About a dozen women who stripped down to their underwear were among 100 protesters outside Cambodia's National Assembly on Tuesday demanding land titles they said they were promised after being evicted from their homes.
The protesters said they had been residents of Phnom Penh's Boueng Kak lake area whose land was awarded by the government to a Chinese company to be redeveloped as a satellite city with a hotel, office buildings and luxury housing.
They said the demonstration was the beginning of a week-long protest to pressure the government for the titles, and they would also march to foreign embassies to ask their assistance. Cambodia's government is very reliant on foreign aid.
The dispute, which turned into a major issue when developers suddenly started draining the lake in 2008, is a high-profile example of the series of evictions and land-grabs that have become a volatile social problem, with deadly force sometimes employed and allegations of corrupt deals.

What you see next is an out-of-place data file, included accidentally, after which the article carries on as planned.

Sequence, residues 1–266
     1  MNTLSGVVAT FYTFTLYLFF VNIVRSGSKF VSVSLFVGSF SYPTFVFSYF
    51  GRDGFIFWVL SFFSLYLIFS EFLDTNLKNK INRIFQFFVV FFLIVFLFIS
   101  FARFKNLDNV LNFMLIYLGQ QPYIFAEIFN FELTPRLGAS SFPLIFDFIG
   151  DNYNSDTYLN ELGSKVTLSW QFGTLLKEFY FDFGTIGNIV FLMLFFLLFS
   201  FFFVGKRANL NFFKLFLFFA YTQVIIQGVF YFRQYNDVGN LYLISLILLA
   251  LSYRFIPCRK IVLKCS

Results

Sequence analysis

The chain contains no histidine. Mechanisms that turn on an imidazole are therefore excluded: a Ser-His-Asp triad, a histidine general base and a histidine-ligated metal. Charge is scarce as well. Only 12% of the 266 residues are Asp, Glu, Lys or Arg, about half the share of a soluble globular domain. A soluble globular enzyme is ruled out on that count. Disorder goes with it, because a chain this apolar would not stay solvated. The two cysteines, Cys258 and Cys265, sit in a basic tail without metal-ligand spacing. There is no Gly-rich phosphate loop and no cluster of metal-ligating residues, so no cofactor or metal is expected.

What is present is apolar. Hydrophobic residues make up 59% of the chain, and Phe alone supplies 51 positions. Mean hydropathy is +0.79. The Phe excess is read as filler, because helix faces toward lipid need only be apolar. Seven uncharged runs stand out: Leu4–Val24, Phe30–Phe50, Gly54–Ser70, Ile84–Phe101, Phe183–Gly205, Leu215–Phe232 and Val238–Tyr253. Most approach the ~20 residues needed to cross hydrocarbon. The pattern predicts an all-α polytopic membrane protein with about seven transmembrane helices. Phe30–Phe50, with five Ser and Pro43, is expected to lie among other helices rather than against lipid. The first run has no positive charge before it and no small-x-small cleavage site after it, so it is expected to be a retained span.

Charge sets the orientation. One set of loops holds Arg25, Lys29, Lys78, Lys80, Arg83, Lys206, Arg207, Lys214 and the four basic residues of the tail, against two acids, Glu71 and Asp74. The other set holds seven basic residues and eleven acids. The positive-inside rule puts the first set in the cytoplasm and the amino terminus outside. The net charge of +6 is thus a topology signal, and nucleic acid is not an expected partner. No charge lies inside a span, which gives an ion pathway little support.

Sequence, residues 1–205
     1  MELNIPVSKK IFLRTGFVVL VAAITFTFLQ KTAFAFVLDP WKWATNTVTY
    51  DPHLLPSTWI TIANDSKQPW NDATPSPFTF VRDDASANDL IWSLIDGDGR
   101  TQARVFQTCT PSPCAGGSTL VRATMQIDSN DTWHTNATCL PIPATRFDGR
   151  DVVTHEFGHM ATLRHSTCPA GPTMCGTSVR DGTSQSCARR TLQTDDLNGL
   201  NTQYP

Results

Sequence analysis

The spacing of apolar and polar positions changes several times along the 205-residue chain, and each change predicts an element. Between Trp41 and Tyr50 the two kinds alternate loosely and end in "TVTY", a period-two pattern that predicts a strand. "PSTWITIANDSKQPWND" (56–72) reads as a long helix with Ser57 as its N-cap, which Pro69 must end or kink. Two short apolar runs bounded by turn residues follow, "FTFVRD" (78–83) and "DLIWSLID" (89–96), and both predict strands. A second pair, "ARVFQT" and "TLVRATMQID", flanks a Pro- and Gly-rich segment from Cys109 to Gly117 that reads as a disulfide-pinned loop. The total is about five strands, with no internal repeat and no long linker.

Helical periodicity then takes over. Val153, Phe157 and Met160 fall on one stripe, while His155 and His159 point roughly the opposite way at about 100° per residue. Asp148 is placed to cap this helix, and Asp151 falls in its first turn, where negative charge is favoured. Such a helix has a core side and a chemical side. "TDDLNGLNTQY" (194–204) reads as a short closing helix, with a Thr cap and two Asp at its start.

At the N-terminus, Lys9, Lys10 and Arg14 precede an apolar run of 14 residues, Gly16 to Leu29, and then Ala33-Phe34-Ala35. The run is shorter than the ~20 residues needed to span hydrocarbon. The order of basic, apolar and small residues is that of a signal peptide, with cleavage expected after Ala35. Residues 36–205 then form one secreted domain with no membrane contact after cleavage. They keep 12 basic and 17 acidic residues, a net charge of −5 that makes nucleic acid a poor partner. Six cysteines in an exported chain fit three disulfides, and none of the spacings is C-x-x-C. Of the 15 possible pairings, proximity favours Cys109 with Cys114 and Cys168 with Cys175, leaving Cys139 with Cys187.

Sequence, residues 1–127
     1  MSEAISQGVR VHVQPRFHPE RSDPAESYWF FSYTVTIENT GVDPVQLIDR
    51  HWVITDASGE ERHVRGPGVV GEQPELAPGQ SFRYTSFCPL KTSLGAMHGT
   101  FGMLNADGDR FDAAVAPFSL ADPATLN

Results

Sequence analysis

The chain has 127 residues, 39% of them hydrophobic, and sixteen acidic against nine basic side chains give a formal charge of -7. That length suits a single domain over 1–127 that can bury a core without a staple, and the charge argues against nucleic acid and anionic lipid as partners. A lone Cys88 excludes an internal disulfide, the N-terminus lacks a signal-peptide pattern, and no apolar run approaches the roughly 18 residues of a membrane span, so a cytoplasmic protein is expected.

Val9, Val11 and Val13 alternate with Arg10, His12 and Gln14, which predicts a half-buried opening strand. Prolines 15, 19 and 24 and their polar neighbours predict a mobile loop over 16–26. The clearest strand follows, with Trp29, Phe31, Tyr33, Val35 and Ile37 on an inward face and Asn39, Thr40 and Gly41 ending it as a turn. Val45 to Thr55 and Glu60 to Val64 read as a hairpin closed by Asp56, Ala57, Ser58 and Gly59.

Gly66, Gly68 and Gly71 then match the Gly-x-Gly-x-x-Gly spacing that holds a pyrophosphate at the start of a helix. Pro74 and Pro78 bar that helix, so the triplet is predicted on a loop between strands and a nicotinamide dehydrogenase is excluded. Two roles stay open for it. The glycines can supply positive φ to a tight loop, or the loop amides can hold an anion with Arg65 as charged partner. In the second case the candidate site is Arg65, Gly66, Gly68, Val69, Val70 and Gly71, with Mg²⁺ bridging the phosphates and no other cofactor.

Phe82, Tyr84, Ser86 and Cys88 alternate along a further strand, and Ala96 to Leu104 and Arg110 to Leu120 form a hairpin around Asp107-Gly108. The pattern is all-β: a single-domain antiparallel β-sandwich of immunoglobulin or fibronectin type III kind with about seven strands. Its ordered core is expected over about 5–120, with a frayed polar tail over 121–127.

The women said they stripped to get attention for their claim that only some residents were given the land titles that Prime Minister Hun Sen's government promised them, and that the city government failed to give land to about 100 families. Some of the women covered themselves partially with sarongs to preserve their modesty in what is a conservative Buddhist society. The tactic of stripping down has also been used in political protests in neighboring Thailand.
"As women, it was a very shameful to wear only underclothes and sit in a public place like this, but we want everybody to notice our struggle, to see our demand," said 37-year-old Tol Srey Pao, a protest leader. She and several other women also wore chains, which they said symbolized their state of servitude to the government.
About 100 police officers stood by, saying they were prepared to block or arrest the protesters if they tried to march to Hun Sen's house, about 500 meters (yards) away, but the crowd dispersed peacefully in the late afternoon.